I can also upload my own files to the BBS — I’ve decided to upload the copy of my Medium article:

Finally, after disconnecting from the BBS, I can check the files I have downloaded. In the 90s on most computers, there was no multitasking — only after closing the terminal program, I could check, what files did I get. Well, inside the archive there were some Perl and text files, I have no idea what is it and if there is any chance if I need it:

-rwxrwxrwx 1   1893 Feb  4  2018 Announce.txt

-rwxrwxrwx 1 1521 Feb 4 2018 FilePost.txt

-rwxrwxrwx 1 447 Feb 4 2018 FilePostBottom.txt

-rwxrwxrwx 1 35147 Feb 4 2018 LICENSE

-rwxrwxrwx 1 1786 Feb 4 2018

-rwxrwxrwx 1 115994 Feb 4 2018 README.pdf

-rwxrwxrwx 1 1143 Feb 4 2018

-rwxrwxrwx 1 24780 Feb 4 2018 bbs_announce.pdf

-rwxrwxrwx 1 1572 Feb 4 2018

-rwxrwxrwx 1 1096 Feb 4 2018

This may look stupid nowadays but about 30 years ago this was exactly the way how people were exchanging files in the pre-internet era.

At the beginning of the 90s, more computers were able to be connected to the network. Though it was possible to download and browse files via the FTP, there was an obvious demand to have a special tool to search and read the data. And a so-called “Internet Gopher Protocol” was made. In the RFC1436 protocol specification, we can see many terms which are still in use today — TCP/IP connection, client-server model, etc. To put it simply, Gopher was a sort of the “early web” protocol in a simple text-based form, optimized for the low-speed connections.

Actually, Gopher was active for now so long, it was introduced in 1991 and its popularity began to fall in 1994:

Source ©

There were not only technical but also legal issues — the Gopher server license was not free (it was re-licensed under the GNU License only in 2000). But computers also became more powerful and people chose more “fancy” WWW pages instead of plain text ones. Interestingly, Internet Explorer in Windows 95 was able to open Gopher links:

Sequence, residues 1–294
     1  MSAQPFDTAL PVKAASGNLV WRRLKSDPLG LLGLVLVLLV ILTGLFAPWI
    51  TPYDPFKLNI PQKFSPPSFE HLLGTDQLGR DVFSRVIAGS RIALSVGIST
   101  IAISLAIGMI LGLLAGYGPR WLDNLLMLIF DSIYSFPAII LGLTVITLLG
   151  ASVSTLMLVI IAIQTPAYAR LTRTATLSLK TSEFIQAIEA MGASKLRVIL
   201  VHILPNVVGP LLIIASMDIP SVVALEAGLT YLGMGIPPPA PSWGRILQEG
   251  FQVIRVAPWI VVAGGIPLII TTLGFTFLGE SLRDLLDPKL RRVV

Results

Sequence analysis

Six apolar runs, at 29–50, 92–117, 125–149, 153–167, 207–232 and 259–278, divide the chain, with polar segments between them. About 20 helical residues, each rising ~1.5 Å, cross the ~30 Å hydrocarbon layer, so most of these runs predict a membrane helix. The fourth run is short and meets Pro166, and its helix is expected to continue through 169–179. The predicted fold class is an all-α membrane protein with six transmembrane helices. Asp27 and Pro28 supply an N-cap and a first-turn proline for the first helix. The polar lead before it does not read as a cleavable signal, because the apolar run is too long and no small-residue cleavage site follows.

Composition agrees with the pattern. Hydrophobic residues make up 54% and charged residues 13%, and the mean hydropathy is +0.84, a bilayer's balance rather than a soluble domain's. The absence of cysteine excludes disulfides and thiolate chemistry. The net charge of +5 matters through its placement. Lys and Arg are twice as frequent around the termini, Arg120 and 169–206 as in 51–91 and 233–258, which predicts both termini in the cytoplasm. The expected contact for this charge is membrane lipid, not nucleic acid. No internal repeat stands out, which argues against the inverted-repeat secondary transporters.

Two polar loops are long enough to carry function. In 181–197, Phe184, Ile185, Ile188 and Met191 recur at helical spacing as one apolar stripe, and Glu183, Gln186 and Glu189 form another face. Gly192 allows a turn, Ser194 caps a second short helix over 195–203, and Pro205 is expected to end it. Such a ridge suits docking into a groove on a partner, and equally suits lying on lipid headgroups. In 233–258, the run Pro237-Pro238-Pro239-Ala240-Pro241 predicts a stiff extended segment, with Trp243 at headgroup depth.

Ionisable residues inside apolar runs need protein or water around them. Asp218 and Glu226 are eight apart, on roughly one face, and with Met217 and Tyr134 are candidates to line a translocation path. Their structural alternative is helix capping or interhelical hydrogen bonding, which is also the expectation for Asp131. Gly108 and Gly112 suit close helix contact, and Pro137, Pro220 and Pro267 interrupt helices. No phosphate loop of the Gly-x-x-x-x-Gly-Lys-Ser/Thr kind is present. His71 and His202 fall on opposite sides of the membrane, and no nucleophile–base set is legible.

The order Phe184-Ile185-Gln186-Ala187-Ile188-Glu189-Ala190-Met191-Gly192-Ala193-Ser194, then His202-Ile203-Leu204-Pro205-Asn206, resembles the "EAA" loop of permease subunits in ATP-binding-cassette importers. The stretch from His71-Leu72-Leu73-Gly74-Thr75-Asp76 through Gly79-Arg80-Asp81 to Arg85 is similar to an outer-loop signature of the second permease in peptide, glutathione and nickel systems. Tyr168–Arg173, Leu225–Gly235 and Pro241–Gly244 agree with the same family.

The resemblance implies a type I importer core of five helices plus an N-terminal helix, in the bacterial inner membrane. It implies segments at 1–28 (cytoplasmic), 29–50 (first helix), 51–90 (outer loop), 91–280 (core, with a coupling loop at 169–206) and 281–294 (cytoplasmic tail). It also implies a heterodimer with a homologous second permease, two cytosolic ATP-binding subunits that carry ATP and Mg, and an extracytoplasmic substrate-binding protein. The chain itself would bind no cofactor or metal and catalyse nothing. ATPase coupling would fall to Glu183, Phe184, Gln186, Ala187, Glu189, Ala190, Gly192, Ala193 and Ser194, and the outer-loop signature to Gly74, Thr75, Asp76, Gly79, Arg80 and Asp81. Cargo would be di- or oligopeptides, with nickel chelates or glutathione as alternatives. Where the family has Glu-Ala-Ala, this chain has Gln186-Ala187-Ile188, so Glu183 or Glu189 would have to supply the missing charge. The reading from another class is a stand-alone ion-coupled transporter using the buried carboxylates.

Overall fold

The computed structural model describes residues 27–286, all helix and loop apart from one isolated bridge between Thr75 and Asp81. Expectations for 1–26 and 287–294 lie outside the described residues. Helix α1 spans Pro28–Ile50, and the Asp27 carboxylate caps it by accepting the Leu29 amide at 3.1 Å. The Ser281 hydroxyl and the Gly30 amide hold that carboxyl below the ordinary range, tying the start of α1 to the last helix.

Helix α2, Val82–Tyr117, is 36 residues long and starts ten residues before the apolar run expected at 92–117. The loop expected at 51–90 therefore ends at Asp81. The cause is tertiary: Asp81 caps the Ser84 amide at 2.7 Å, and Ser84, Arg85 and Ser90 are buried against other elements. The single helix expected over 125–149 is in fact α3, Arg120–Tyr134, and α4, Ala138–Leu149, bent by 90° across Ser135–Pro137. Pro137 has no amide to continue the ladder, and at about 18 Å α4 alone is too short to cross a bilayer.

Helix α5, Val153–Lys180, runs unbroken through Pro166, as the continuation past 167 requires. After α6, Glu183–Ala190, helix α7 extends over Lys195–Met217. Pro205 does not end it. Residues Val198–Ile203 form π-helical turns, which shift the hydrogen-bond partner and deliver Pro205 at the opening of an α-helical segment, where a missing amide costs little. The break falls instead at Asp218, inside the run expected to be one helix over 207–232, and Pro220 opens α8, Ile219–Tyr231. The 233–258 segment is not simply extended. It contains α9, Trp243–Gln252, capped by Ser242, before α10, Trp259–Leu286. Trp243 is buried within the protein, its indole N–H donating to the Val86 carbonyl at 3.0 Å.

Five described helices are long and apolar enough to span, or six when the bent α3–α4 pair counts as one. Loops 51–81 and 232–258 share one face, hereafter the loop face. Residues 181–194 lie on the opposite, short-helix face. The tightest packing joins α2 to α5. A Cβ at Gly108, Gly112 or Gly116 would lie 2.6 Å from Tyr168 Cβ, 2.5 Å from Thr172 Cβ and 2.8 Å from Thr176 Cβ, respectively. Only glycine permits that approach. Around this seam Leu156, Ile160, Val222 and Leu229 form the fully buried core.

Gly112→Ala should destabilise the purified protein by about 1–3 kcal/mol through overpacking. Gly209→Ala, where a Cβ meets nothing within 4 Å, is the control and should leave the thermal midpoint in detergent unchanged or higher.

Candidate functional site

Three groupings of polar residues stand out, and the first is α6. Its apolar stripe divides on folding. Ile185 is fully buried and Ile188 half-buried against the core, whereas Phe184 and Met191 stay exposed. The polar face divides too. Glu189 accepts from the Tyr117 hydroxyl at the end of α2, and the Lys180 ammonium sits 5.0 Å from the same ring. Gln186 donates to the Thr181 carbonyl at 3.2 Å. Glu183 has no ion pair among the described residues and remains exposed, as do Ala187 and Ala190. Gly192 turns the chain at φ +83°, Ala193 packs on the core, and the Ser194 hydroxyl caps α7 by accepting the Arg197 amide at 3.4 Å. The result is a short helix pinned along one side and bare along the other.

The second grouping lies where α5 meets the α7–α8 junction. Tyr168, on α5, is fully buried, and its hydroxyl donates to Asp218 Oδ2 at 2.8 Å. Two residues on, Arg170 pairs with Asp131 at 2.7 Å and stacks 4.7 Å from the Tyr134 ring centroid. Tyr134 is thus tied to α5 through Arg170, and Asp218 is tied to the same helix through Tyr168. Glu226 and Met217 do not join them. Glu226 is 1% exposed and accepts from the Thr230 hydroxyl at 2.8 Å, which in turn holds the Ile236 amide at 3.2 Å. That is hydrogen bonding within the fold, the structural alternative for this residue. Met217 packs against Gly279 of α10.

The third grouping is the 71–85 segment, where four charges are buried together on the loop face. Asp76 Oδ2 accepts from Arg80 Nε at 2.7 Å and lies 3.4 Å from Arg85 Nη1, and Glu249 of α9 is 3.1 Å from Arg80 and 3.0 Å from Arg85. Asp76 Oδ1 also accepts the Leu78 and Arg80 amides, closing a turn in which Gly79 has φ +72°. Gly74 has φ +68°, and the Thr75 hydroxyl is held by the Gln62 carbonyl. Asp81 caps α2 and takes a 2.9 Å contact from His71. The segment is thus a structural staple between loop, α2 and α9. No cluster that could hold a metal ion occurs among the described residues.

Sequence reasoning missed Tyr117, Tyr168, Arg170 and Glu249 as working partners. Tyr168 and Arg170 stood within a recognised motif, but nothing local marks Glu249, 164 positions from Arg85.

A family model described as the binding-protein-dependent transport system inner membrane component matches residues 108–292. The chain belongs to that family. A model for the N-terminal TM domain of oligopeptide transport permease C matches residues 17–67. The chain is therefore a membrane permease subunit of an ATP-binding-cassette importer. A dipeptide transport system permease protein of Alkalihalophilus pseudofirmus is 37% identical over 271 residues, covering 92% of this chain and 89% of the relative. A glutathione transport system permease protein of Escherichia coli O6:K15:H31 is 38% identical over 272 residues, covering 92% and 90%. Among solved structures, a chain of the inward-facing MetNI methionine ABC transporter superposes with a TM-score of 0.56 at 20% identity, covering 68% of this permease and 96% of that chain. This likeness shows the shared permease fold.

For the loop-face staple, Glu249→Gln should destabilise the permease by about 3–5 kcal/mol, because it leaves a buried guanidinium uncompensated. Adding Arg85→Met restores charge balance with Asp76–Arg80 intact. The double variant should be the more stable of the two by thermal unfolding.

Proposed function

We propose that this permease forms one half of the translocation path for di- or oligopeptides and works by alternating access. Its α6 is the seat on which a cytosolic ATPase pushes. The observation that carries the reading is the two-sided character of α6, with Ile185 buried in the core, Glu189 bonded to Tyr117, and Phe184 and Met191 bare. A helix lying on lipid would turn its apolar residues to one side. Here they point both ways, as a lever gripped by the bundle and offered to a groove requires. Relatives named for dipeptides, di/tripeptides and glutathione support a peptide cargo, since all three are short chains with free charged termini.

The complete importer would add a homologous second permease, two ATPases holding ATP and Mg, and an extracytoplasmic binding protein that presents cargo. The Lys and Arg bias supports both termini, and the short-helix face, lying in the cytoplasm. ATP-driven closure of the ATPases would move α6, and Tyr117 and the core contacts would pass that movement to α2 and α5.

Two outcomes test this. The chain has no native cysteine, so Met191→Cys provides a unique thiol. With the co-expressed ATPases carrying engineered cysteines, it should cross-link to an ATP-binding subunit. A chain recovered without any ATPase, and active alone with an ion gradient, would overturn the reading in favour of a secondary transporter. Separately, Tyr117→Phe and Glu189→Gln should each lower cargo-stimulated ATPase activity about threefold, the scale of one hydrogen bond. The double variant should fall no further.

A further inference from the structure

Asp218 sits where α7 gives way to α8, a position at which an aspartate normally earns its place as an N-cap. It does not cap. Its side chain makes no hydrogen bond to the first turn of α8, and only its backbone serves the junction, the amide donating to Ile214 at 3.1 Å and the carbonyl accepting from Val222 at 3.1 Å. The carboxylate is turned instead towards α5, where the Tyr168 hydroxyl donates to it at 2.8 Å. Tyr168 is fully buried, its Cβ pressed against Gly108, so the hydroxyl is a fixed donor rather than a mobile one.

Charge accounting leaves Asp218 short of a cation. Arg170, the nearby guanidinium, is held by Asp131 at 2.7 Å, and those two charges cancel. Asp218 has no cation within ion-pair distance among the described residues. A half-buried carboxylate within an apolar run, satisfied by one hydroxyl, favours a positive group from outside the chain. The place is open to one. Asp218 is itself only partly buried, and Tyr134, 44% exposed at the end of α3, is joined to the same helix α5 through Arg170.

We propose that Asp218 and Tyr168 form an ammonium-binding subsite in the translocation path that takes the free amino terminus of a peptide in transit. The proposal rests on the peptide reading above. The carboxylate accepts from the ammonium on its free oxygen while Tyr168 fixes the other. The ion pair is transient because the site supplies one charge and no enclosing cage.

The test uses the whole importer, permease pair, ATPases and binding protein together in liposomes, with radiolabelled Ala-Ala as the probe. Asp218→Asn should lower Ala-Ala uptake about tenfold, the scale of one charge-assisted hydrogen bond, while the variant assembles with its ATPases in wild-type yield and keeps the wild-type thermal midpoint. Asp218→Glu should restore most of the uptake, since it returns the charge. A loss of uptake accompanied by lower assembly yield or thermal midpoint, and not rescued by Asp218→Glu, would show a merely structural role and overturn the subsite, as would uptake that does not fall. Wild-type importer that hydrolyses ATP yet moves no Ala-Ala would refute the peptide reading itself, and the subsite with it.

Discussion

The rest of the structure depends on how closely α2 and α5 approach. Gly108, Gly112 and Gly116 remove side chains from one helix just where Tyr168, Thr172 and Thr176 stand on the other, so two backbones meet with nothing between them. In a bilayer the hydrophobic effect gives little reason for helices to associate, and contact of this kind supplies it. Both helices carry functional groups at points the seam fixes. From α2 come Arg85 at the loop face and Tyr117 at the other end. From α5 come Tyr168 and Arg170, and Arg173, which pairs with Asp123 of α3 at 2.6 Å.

But already in Windows XP, this feature is not present anymore:

But again, some Gopher servers are still supported by enthusiasts nowadays, the free client can be downloaded from the page.

As an example, we can open the gopher:// page which provides access to the Reddit groups:

Using the gopher:// address, we can read the Wikipedia:

The Usenet is another “ancient” service, which was popular in the “pre-internet” era of the previous century. The system provided access to the public “talk groups”, group names were using the special hierarchy, for example, in the group “comp.lang.c” everybody was able to discuss topics about the C programming language. Groups could be completely different, from talk.politics.animal to Everybody was able to post the message, other group participants were able to read it and if wanted, respond. Not only from a technical but also from a social perspective, this ability to talk with people who share the same interests, was actually helpful.

Surprisingly (again:), after about 30 years, some Usenet servers are still available, and it is also possible to install a client for Windows, OSX or Linux. But most of the servers, I was able to find, are not free, they provide only 7 or 14 days free trial period. On the other side, many talk groups are available via the interface, and as we can see, the same “comp.lang.c” group still have some new messages even today:

Of course, about 20 messages within two weeks — it is way less than, for example, on Reddit, but, it still works.

By the way, in the talk groups it was even possible to exchange files. Using the special encoding, the files could be converted to the text form and could be sent like an ordinary mail message. The size of each message was obviously limited, so the file should be split into several parts. As an example, I encoded the JPEG file into 3 messages:

Message #1

To medium.readers.all, share part 1/3begin 664 xaa







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  1. My long (long) term plan of my browser ( is to bring us back to something similar to Gopher.

    First I want to make browsing web apps feel as good as browsing an app. Then I want to make it better. To do that I want to 'translate' the HTML into a common structure and create UI that can be similar across websites and rendered in a clean, easy to navigate way. Not sure if that makes sense. Join our Discord if you want to chat more about it (

  2. Speaking of being tired of the modern web: I think HTTP/HTML are fine. However medium really sucks, can't everyone start hosting their webpages somewhere else? This is slow on my mobile (even with adblocker) and this "open in app" bar doesn't want to disappear even if it's bringing no value